The company is considering putting iris-scanning sensors into the Galaxy S5, which will appear in March or April.
The iPhone 5s is the first prominent phone with a fingerprint sensor, and is expected to change the way security is managed on mobile devices. Since passwords are a pain without keyboards, what’s best for a mobile world?
Nuance is continuing to push voice recognition into the security realm with a new biometric ID service for enterprise IT departments looking to automate the task of resetting passwords.
In the last few months, Nuance Communications has launched Dragon TV, Dragon Drive and even an Android version of Dragon Go. Now we have a new Dragon to contend with: Dragon ID, a voice identification application that allows you to unlock your phone with your larynx.
Every year, IBM comes up with a list of five innovations it believes will become popular within the next five years. For 2011, it has come up with the following technologies it thinks will gain traction. I also look back at some of its previous predictions.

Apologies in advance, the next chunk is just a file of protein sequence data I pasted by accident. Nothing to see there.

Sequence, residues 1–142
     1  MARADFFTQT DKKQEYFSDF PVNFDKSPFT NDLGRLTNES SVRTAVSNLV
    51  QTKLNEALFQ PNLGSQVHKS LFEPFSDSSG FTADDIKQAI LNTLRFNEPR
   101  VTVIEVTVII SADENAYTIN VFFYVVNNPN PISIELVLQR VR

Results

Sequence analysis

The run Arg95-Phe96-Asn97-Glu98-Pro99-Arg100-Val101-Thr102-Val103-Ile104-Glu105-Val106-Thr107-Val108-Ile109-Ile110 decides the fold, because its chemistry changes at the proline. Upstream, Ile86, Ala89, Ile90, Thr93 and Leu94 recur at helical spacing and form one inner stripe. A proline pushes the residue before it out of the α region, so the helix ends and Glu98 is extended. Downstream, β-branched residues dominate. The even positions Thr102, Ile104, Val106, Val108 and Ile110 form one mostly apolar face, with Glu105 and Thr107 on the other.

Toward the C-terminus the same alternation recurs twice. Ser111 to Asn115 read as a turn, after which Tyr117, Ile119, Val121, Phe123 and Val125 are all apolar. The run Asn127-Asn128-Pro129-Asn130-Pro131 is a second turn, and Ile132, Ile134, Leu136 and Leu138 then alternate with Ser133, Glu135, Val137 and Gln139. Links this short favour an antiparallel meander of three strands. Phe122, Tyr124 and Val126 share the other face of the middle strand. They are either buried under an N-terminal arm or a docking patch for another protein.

Advertisers from Microsoft (s MSFT) and Mediabrands recently decided to go all out to measure the effectiveness of Xbox Live advertising: They wired up 300 test subjects with a special headset that can read biometric signals like your heart rate, eye motion, body temperature and breathing patterns. Half of the test audience was then presented with advertising on the Xbox Live platform, while the other half got to see traditional TV ads. Turns out, people show much more active and lasting responses to interactive advertising than to your 60-second oldteevee clip.
These results may not be that surprising, but the set-up of the study is fascinating — and a little frightening at the same time. Will the future of video advertising be based on labs with subjects wired to all kinds of sensors? Or will advertisers even one day be able to gather this type of data in the field, with biometric sensors becoming more and more a part of the video game experience?